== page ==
Rural Economy - Skills Base
Report Segment: Skills Base
Its difficult to describe the supply and demand of skills in the rural economy in Norfolk and Suffolk without sounding contradictory. On the one hand there are few skills gaps or shortages, on the other there is a skills crisis just waiting to happen. How can both of these views be true?
On the 'do nothing' side, the rural economy is less reliant on indigenous labour than ever before. Not only are complex machines (e.g. combine harvesters) doing the work of many labourers but migrant labour from Europe is plentiful. Add to this the fact that young indigenous students appear to have little appetite for work in any parts of the rural economy and one might well conclude that there is nothing to be done.
However this wouldn't be telling the whole story. Both the RDP training programme run by LandSkills East and the Beyond 2010 Programme administered by Food East attest to the huge demand for industry courses. Businesses from the rural economy are as keen as ever to up-skill, develop better management skills, and keep ahead of the legislative requirements for health, safety, pesticide control, animal welfare and other areas. Moreover, there is plenty of evidence to suggest that many businesses in food, drink or farming are keen to recruit multi skilled engineers but find it difficult to find such skilled personnel.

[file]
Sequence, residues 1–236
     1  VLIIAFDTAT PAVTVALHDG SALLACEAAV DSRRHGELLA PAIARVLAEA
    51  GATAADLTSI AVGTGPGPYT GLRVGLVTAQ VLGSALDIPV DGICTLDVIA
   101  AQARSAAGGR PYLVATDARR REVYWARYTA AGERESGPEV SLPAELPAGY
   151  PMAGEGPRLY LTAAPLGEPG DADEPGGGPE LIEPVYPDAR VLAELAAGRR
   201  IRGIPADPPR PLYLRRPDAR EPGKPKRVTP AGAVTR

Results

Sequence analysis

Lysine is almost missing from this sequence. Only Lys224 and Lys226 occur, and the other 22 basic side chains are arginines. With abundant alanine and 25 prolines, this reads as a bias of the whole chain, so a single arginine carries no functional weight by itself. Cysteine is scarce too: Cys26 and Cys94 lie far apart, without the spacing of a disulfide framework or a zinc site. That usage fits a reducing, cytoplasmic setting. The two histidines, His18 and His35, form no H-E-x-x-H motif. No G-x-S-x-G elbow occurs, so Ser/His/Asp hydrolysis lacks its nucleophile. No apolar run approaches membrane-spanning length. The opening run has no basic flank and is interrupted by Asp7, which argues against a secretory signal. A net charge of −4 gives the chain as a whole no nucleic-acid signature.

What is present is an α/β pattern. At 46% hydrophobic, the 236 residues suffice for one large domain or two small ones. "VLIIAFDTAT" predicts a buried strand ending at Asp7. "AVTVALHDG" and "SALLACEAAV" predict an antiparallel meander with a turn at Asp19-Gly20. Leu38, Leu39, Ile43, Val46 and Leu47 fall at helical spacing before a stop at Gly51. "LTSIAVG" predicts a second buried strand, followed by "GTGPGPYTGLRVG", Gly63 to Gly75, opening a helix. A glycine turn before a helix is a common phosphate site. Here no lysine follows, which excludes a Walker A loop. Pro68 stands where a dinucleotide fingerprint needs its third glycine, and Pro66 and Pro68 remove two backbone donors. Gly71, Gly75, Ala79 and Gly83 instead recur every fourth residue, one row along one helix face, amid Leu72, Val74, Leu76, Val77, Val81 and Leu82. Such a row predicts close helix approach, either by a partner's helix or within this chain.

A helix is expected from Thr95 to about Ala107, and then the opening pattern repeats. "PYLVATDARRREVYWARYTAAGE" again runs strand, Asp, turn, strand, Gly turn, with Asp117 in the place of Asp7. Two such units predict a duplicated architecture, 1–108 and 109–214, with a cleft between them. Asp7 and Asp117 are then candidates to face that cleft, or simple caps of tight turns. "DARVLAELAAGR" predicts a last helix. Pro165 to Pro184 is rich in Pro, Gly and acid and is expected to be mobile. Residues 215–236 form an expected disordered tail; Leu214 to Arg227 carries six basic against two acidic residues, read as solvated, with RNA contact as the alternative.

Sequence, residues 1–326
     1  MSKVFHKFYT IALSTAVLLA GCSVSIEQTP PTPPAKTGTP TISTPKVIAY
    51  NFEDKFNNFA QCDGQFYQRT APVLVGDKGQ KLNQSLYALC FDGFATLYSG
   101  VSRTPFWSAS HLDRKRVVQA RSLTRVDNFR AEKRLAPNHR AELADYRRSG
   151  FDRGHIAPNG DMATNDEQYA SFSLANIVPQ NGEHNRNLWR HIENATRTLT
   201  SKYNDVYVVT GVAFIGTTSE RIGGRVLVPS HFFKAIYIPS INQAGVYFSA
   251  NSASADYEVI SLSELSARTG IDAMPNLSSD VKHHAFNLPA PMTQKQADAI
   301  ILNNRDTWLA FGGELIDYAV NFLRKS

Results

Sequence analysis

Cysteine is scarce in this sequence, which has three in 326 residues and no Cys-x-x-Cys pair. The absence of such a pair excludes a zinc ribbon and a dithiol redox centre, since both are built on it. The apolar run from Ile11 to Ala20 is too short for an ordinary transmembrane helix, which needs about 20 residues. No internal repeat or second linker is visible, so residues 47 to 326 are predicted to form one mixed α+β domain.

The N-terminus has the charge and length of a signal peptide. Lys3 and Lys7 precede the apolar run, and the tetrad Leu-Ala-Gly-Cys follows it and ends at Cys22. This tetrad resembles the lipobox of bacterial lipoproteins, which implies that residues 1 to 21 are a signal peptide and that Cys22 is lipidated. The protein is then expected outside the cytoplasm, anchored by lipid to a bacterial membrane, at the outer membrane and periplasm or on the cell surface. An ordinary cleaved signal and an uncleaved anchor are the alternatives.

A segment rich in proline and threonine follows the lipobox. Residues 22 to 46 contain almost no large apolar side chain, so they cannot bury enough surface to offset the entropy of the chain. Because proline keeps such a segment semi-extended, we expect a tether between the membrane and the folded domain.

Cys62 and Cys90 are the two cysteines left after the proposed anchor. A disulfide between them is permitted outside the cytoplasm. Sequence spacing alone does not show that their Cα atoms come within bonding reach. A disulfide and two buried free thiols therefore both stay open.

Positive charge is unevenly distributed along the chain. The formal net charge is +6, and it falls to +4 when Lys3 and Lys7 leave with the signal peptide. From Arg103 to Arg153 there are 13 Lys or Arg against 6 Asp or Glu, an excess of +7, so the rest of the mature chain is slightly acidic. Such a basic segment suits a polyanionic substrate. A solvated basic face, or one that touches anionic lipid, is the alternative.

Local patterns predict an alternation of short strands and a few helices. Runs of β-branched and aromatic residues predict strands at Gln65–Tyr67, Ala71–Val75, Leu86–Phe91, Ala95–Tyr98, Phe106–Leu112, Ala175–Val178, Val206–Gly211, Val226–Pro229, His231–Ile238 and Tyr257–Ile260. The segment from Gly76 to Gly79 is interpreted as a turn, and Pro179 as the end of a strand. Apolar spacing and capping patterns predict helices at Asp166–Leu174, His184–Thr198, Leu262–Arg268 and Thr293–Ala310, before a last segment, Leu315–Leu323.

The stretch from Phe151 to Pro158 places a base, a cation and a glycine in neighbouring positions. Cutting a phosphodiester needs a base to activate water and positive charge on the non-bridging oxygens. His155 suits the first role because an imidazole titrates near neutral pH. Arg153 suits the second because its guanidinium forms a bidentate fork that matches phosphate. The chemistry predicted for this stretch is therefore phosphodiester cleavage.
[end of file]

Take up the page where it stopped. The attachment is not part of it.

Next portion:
Apprenticeships too, are popular among agricultural businesses and Easton College has suggested a new model of delivery which will benefit the students, the businesses and the college; teaching on site at Easton for two terms and spending the final term (Easter) entirely at the farm is surely a good step forward. So whilst a ‘do nothing’ approach is the least ambitious and the least costly, a more interventionist approach could substantially grow the Norfolk and Suffolk rural economy. This could include a series of actions around multi-skilling engineers. The demand from businesses is evident. Although the ONS figures for October 2011 show that there are almost three times as many jobs sought as there are vacancies in Norfolk and Suffolk (29,885 sought & 11,363 vacancies notified), it is important to note that multi-skilled engineers consistently come up as a need among employers.
Recent figures from ONS suggest that there is a large number of unemployed engineers from all disciplines. As the graph below shows there are currently not enough jobs to go around and almost every category shows a deficit measured by the difference between vacancies notified and positions sought. The one engineering discipline which shows a significant surplus of jobs (more vacancies notified than positions sought) is electrical and electronics engineers.